December 13, 2017

Is the gore necessary? Martin

Is the gore necessary?

Martin Marty- one liberal who has my utmost respect- comments on violence in The Passion, and I must say that I agree with every word. Really, this is perfect.

The previewers who like violence if it shows Jesus suffering, on the grounds that savagery moves people to appreciate his sacrifice, are measuring the wrong thing. In Holy Week I’ll be listening to Bach’s Passions, singing about “was there ever grief like Thine?” and meditating on the wounds of Christ, but not in the belief that the more blood and gore the holier, a la Gibson.

The humanistic and theological point: pain is pain, suffering is suffering, torture is torture, and horrible pain-suffering-torture is horrible, and I don’t think there are grades and degrees of these. Today, all over the world, people are suffering physically as much as the crucified Jesus. The point now is not to accept grace because we saw gore. The issue is not, were his the worst wounds and pains ever, but, as the gospels show, the issue was, and is, who was suffering and to what end. Christians believe that Jesus was and is the Christ, the Anointed, and they are to find meaning in his sacrificial love and death, not to crawl in close to be sure they get the best sight of the worst physical suffering.

For years, I’ve noticed that people have an advanced appetite for visual gore, and the entertainment media has kept increasing the gore we view. Look at one of my favorite shows, CSI. Every week there is some really shocking, explicit, disgusting stuff; things that would have been unheard of a few years ago. It’s a trend towards explicitness that has overtones. We don’t need to see more. We are just dulled, and we want to see more to be, as Marty says, “moved.”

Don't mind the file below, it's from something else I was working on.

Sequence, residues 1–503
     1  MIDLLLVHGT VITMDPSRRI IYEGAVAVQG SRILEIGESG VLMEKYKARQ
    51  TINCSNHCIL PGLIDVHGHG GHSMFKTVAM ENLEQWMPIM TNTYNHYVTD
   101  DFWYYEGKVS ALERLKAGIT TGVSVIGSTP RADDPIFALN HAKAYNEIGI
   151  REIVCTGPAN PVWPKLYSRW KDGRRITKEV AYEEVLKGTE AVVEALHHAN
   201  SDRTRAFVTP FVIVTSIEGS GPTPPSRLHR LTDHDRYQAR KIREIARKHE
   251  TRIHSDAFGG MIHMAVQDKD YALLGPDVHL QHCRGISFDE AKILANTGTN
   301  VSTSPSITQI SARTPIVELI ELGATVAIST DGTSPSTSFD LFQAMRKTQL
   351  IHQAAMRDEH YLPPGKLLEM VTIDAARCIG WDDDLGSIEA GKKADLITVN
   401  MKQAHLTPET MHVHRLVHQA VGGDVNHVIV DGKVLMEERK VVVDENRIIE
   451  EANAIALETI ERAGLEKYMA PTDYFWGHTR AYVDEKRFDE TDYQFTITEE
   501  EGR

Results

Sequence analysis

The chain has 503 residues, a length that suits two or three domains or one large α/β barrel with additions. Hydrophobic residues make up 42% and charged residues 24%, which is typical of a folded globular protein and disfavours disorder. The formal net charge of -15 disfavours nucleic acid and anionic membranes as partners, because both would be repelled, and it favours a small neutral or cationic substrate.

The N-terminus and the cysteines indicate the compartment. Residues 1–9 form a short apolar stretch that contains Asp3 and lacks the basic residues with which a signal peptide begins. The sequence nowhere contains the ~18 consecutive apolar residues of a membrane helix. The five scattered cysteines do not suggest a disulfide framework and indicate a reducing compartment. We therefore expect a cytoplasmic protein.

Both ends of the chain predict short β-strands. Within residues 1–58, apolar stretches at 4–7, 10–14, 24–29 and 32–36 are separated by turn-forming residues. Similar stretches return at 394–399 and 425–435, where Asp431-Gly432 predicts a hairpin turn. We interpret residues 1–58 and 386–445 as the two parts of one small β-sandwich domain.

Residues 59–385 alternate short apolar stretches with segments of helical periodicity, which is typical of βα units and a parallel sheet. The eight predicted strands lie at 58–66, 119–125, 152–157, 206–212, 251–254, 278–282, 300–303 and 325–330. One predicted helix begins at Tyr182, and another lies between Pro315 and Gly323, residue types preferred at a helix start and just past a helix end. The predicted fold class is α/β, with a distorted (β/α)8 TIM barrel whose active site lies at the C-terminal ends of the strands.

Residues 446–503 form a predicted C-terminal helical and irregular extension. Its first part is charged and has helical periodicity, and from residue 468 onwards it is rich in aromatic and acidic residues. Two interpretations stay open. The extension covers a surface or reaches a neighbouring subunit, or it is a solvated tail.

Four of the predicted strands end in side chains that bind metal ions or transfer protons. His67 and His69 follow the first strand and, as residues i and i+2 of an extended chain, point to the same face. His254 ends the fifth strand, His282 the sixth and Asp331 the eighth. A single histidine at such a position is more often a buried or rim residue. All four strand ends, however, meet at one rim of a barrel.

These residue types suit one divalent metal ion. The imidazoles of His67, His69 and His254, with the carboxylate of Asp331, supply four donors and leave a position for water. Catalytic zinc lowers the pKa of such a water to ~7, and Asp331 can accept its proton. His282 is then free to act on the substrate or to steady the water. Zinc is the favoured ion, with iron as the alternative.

But can gore move us to accept grace? Interesting question.

Now The Passion is taking this road, and I am wondering if the Roman Catholic aspect of all this has registered with evangelicals yet? The sufferings of Christ play a role in the piety and art of RCs that most Protestants can’t appreciate. The gore is an object of meditation in RC piety. Not just the person, but the suffering at the stations of the cross. This doesn’t really impact the way we view the film, but we need to say that the suffering of Jesus- no matter what it was- is suffering for us and for our sins. We also need to say that it is not the physical suffering of Christ that atones, but the offering of his life and person in our place, taking the wrath of God on our behalf. 2Corinthians 5:21. Saying, “My sins deserve a beating and a crucifixion” is not really the Gospel. Let’s try “…he descended into hell.”

Christianity Today Film Forum has many links discussing the accuracy of the movie, and I can already see a number of Biblical errors and omissions, but that is understandable. It’s art. Even any one of the Gospels, taken alone, is less than the whole story.